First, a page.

Re: (OPE-L) recent references on 'problem' of money commodity?

From: Rakesh Bhandari (bhandari@BERKELEY.EDU)
Date: Fri Nov 19 2004 - 10:54:18 EST

At 9:51 AM -0500 11/19/04, Fred Moseley wrote:
>Hi Rakesh,
>I have come to realize that there is a more fundamental problem
>(besides the determination of the MELT) with your suggestion of a basket
>of commodities as money today, and in particular as the measure of value
>today (which I discussed in my last post in response to Paul B.)
>According to Marx's theory, a commodity can function as the measure
>of value only if it functions as the general equivalent, i.e. only if it
>is directly exchangeable with all other commodities.

But I am not saying that a commodity directly functions as the
measure of value.

>  Oil and gold and
>grain are not general equivalents, i.e. they are not directly exchangeable
>with all other commodities, not individually and certainly not as a basket
>of all three.  Therefore, this basket of commodities cannot function as
>the measure of value.

Value is measured in dollars. The question is what determines the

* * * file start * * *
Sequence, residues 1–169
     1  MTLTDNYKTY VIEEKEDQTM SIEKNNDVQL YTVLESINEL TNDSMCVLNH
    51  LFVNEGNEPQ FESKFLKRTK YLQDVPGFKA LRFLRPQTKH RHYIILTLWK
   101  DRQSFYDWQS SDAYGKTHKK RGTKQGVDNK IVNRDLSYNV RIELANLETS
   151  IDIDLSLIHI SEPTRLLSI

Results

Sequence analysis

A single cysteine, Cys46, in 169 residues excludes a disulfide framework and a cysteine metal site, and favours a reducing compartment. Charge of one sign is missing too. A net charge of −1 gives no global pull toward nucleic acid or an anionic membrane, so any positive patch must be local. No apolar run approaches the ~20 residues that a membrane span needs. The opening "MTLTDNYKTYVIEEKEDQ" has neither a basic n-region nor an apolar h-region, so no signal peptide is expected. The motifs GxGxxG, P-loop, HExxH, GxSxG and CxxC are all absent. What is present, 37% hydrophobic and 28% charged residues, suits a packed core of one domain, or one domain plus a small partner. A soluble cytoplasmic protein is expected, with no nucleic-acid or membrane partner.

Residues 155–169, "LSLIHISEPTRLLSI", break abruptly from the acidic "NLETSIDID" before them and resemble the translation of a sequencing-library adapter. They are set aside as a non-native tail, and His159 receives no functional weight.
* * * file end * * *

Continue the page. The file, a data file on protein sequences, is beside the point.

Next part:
value of the dollar. Even in your new interpretatin we don't know
since you have given no theory for the determination of the quantity
of dollars--you have left it hanging as an exogeneous variable!  My
idea however does give us that. I provide an explanation for the
value of the dollar. Its value changes as value of the composite
commodity to which Greenspan attempts to keep it equal.

>Greenspan may be trying to conduct monetary policy in order to keep the
>price of this basket of commodities stable,

Well do you think that is what he is doing? That he has had to keep
Baker's commodity index at the center of his attention in large part
to maintain the confidence of foreign investors, in particular
central banks?


>  but that is a separate issue
>from money functioning as the measure of value and the determination of
>the MELT.

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